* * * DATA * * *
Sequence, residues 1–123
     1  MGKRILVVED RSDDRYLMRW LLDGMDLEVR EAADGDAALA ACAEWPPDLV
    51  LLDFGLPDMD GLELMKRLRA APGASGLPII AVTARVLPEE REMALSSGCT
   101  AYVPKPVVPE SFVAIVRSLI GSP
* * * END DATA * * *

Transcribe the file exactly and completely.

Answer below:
Sequence, residues 1–123
     1  MGKRILVVED RSDDRYLMRW LLDGMDLEVR EAADGDAALA ACAEWPPDLV
    51  LLDFGLPDMD GLELMKRLRA APGASGLPII AVTARVLPEE REMALSSGCT
   101  AYVPKPVVPE SFVAIVRSLI GSP